In “Safe Playground,” the images are predominated by darkness, which is symbolically associated with human subconscious, and as the title “safe playground” literally tells that the images are the places to temporally relief human emotions (fear, anxiety, of course) in its suspended disbelief. For this reason, my works may have resemblance to the famous tales like “Little Red Riding Hood.” The tale provided readers a place to experience danger (particularly to young girls) and even enjoy it in safety. The author Charles Perraut concluded the tale:
“Moral: children, especially attractive, well bred young ladies, should never talk to strangers, for if they should do, they may well provide dinner for a wolf. I say “wolf,” but there are various kinds of wolves. There are also those who are charming, quiet, polite, unassuming, complacent, and sweet, who pursue young women at home and in the street. And unfortunately, it is these gentle wolves who are the most dangerous one of all.”
As Perraut suggests the danger of a “wolf,” my photos also may remind a viewer of figures like a kidnapper, a false prophet, Bluebeard etc. These “archetype” of modern day are invisible yet are suggested in those images. In his famous novel “Lolita,” Vladimir Nabokov wrote, “My Chère Dolores! I want to protect you, dear, from all the horrors that happen to little girls in coal sheds and alley ways, and alas, comme vous le saves trop bien, ma gentille, in the blueberry woods during the bluest of summers.” (Vintage International, New York, 1955) These “coal sheds” or “alley ways” are exactly what a viewer sees in “Safe Playground.”
The series “Safe Playground,” besides subconscious fear as its central subject, has been motivated by the way contemporary society is structured. I started this series after I came to the Netherlands. I was devastated by the fact that I cannot find places to take photographs. This country is thoroughly too well organized. Then I have decided to make up interesting places myself. These images are all created in my studio, on my worktable, to be precise. Being in a different culture motivated me to do all these troubles of photographing (constructing the models, setting the scenes, shooting and more re-shooting).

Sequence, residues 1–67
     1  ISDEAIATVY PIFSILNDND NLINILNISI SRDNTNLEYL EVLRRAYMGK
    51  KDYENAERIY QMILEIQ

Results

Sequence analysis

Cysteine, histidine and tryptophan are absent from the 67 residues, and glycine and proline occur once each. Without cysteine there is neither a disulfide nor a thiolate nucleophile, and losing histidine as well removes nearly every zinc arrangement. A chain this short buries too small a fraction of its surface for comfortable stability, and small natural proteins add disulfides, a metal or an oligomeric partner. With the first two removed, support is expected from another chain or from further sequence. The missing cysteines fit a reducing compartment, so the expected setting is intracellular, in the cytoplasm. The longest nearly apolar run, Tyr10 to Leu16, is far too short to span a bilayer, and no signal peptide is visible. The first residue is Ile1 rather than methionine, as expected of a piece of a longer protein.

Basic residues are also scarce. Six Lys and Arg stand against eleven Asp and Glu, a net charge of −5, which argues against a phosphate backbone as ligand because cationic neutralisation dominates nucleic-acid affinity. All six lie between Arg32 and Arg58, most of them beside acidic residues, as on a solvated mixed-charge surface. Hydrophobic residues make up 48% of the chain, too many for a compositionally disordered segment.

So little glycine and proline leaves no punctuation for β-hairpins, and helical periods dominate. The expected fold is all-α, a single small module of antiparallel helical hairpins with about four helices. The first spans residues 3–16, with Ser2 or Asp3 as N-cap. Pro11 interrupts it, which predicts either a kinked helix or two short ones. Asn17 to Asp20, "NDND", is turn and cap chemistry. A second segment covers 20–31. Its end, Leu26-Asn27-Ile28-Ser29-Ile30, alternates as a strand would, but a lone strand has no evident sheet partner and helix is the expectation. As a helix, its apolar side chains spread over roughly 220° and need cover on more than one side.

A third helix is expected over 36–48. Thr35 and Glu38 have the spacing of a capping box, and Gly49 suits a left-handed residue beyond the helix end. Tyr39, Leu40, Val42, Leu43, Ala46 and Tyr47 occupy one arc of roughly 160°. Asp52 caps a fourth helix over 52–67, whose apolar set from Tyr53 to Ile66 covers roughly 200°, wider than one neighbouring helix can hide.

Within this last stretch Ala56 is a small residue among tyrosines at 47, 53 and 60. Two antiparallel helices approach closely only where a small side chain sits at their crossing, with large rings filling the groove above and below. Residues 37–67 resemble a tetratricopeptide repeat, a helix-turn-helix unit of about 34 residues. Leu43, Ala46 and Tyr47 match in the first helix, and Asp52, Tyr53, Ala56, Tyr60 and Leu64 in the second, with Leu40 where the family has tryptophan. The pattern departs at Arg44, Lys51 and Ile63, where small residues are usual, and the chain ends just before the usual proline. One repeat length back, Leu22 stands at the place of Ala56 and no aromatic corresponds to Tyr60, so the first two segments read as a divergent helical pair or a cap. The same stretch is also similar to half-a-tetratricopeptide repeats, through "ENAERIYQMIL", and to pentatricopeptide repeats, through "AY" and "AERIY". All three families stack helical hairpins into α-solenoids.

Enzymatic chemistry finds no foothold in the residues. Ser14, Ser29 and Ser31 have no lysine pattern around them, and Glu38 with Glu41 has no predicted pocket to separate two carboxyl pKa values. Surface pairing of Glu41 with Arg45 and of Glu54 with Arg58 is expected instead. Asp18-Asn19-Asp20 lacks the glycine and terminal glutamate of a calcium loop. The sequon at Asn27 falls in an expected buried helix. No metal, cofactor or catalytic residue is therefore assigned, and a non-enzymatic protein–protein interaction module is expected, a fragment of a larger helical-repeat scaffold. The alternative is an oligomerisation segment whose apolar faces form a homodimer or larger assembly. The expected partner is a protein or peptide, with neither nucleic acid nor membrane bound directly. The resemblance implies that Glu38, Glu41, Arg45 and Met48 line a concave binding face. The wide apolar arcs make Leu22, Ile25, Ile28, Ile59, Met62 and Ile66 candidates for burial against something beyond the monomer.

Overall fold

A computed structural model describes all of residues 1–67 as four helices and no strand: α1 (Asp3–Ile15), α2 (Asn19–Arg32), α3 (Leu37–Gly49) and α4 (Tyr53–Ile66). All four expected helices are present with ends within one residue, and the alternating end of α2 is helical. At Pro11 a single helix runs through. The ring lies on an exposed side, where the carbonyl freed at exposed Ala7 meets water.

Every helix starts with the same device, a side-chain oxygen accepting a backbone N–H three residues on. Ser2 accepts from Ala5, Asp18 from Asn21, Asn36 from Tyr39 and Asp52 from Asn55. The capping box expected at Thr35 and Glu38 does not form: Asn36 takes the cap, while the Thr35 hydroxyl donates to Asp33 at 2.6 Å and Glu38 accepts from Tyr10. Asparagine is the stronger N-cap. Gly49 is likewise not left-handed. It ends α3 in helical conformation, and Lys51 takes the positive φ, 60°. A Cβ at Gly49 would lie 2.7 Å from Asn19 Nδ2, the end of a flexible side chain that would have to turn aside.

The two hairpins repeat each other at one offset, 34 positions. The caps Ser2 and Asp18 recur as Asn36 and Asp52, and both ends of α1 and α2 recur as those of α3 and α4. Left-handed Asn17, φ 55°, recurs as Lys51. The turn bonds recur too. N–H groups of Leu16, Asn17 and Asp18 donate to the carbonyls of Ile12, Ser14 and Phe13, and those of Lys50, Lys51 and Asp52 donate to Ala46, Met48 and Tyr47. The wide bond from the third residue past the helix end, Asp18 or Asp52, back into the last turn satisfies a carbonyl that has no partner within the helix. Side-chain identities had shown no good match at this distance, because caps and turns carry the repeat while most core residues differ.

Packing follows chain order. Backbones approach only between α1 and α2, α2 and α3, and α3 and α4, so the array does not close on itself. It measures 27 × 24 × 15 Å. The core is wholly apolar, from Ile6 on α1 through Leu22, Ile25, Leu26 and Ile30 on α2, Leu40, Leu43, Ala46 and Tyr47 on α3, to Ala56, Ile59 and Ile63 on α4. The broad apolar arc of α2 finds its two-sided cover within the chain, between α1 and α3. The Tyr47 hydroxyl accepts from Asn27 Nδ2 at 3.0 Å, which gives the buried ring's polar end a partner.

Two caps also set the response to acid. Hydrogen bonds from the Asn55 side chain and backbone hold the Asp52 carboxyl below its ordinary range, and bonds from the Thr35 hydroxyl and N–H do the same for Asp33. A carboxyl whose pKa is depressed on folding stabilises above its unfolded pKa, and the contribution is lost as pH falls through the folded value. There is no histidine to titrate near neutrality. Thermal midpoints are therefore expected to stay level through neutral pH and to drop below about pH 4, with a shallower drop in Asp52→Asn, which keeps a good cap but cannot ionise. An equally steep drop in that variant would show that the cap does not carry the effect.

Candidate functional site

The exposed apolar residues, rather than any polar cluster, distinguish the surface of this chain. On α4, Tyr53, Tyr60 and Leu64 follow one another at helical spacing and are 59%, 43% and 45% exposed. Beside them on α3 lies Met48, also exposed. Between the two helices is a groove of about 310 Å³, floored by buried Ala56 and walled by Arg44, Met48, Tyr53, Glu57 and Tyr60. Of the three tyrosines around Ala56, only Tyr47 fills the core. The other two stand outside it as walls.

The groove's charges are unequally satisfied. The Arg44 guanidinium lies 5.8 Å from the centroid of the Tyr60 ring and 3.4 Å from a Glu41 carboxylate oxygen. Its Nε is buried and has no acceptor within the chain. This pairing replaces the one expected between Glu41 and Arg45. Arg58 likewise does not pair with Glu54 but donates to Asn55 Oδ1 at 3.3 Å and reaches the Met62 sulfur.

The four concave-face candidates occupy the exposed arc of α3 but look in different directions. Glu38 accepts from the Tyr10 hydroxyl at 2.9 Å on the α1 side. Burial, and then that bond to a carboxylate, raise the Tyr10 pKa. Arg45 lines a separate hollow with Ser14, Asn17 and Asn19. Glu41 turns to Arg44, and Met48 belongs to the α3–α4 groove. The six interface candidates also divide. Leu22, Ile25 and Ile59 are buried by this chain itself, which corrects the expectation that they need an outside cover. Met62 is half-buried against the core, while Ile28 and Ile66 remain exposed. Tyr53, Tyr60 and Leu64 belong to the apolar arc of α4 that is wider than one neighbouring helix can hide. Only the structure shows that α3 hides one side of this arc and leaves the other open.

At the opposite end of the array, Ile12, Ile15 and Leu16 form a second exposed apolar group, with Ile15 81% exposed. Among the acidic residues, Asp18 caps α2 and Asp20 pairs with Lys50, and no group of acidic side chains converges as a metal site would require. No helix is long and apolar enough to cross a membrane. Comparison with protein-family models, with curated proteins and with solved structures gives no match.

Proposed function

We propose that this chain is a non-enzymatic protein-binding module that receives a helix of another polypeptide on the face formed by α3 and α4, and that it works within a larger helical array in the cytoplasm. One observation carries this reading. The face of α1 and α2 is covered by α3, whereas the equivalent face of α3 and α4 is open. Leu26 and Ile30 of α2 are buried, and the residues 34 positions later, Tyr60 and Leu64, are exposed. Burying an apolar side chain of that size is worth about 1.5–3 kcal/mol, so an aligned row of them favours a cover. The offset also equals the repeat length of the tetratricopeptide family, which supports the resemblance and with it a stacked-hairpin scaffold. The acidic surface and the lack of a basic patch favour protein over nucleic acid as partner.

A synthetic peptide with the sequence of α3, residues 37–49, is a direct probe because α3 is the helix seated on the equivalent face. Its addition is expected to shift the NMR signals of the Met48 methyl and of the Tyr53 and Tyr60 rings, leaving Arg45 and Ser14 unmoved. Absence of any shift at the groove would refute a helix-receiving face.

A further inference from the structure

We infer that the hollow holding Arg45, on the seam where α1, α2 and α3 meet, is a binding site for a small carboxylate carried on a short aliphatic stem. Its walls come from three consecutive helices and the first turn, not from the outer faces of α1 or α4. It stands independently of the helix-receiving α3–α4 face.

Where I grew up, as I have already mentioned, is a small conservative country village. Compare to such backcountry, my new home seemed overly organized and urbanized. Despite its modernity, it seems something is missing, perhaps, shadows and ambiguity, and definitely the autonomy of individual spaces. In the Netherlands, everything must be controlled; new suburban town with straight and square city plan, streets are brightly lit at night, and even the trees in groves are lined geometrically. While the farmers of my home are free to build sheds with reused materials, Netherlanders have no such freedom. In this country, monstrous civilization is exterminating shady places. After coming to the Netherlands, I have come to realize how important to have ambiguous places near me, where human feelings can be freed.
“Psycho-graphy” may be macabre and ominous, yet it can also be intriguing and evocative. It is obviously different from “photography,” for it represents the alternative reality instead of the reality that surrounds us. Despite the darkness in the images, they look strangely familiar and tender, because we all posses such darkness within. My photographs reveal such simple fact that we all have dusky depth filled with long-discarded fears in our minds.